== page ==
Dissertation/Thesis Abstract

Exploring Community-Oriented Policing as an Anti-Terrorism Approach Post 9/11: A Case Study
by Castillo, Warner Alberto, D.B.A., Northcentral University, 2015, 230; 3712165
Abstract (Summary)

The 9/11 Commission Report opined that part of the problem in preventing the 9/11 terrorists attacks was the lack of community partnerships which fuse community and law enforcement members in efforts to identify suspicious terrorist behaviors. The lack of community partnerships essentially reflects the absence of capable guardians, which contribute to the increased risk of terrorism. A literature review emphasized the community-policing concept has imparted the same goals and strategies applied in the past for partnerships in crime prevention, and complements prevention efforts against terrorism in homeland security. Few studies have focused on the guardian construct of the routine activity theory (RAT) sociology theory. The lack of federal guidance towards specific anti-terrorism programs for local law enforcement and community members after the 9/11 terror attacks with current emerging domestic terror threats continues to be problematic. The purpose of this qualitative explanatory holistic case study was to explore how the Los Angeles Police Department (LAPD) and Los Angeles community members perceived their partnerships toward anti-terrorism measures taken to address the current lack of federal anti-terrorism guidelines. The unit of analysis consisted of the LAPD along with the single phenomenon consisting of the unique LAPD iWATCH anti-terrorism program. Eighteen participants for the study were purposefully sampled with semi-structured interviews conducted. Participants consisted of ten LAPD law enforcement participants and eight Los Angeles community members. The researcher employed the constant comparative method (CCM) to identify emerging themes among interviewee responses. The CCM method enabled the determination of codes, which were sorted into themes from interviewed participants. Four key themes and ten associated concepts were derived from the data analysis. The findings revealed the RAT guardian construct complements both the iWATCH and community-policing concept in anti-terrorism efforts. The findings also revealed the apparent increase of youth involvement in terrorist organizations, make it is necessary to promote greater awareness among the impressionable youth against terrorist radicalization and recruitment. These findings fill a void in the RAT guardian construct literature, as these variables can play a greater role in anti-terrorism prevention efforts. Recommendations for practice included community and law enforcement leader’s improvement regarding the level of awareness and application of the LAPD's iWATCH community based anti-terrorism program. Recommendation for future research included a quantitative study of the guardian construct in anti-terrorism efforts against emerging terror threats.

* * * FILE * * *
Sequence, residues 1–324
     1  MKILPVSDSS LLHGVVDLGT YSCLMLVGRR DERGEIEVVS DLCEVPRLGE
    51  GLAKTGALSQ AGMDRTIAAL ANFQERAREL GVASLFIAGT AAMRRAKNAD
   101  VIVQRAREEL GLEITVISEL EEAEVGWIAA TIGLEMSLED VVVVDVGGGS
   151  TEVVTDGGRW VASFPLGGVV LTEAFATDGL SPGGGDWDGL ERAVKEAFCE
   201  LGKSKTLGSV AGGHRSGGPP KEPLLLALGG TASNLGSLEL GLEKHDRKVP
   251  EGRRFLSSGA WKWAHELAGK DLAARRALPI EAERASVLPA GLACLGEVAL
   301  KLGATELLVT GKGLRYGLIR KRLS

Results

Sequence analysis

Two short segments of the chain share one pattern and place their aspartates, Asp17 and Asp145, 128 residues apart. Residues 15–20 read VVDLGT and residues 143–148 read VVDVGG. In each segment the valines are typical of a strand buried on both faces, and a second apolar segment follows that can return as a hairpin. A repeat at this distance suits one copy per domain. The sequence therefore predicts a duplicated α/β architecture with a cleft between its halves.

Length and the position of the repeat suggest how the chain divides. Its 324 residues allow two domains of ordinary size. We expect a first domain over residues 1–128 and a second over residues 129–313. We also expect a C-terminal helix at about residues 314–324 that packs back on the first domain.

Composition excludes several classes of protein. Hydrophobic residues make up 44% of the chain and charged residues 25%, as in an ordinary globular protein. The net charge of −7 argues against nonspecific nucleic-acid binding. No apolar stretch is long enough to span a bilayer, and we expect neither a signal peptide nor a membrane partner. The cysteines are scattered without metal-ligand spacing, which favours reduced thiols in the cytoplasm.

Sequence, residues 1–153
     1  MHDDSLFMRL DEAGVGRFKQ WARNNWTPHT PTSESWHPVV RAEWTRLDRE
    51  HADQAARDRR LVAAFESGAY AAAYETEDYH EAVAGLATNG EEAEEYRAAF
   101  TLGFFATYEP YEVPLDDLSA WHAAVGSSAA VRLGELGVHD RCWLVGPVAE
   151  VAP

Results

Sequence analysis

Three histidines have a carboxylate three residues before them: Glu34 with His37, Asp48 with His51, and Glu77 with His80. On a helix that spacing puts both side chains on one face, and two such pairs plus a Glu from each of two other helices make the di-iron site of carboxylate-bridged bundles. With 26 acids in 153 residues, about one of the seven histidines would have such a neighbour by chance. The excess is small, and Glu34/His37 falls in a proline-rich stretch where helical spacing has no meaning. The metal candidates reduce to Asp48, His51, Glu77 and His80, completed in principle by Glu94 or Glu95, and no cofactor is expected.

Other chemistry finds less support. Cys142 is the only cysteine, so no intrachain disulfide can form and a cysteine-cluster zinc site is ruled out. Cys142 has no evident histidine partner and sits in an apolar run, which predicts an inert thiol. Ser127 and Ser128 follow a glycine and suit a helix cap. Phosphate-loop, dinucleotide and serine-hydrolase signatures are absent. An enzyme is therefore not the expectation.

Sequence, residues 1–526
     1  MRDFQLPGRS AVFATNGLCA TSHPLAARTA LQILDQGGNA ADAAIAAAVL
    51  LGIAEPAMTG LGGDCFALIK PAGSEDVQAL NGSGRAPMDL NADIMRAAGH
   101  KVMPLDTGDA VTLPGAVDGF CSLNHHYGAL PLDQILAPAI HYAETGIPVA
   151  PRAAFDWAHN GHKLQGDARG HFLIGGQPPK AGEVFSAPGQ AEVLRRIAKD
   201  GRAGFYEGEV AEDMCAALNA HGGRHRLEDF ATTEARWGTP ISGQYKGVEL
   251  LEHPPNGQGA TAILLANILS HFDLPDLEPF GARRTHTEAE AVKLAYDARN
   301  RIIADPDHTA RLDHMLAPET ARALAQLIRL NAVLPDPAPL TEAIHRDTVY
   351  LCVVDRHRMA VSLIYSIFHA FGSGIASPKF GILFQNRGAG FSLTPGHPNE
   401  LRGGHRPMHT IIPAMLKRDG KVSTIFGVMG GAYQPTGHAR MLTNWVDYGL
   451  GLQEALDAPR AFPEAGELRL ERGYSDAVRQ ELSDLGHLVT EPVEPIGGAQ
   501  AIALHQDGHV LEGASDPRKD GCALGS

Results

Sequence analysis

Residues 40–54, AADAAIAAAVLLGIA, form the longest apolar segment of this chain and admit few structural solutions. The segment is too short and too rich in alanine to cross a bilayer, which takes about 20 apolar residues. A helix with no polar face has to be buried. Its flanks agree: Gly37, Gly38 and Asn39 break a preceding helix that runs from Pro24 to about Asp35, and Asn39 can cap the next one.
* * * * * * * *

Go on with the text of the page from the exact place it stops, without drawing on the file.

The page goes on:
Indexing (document details)
Advisor: Shiaw, Horn-Yeu
Commitee: Bouvin, David, Fish, Wade W.
School: Northcentral University
Department: School of Business and Technology Management
School Location: United States -- Arizona
Source: DAI-A 76/11(E), Dissertation Abstracts International
Subjects: Business administration, Sociology, Criminology, Public policy
Keywords: Anti-terrorism, Community policing, Counterterrorism, Homeland security, Routine activity theory
Publication Number: 3712165
ISBN: 978-1-321-88804-1
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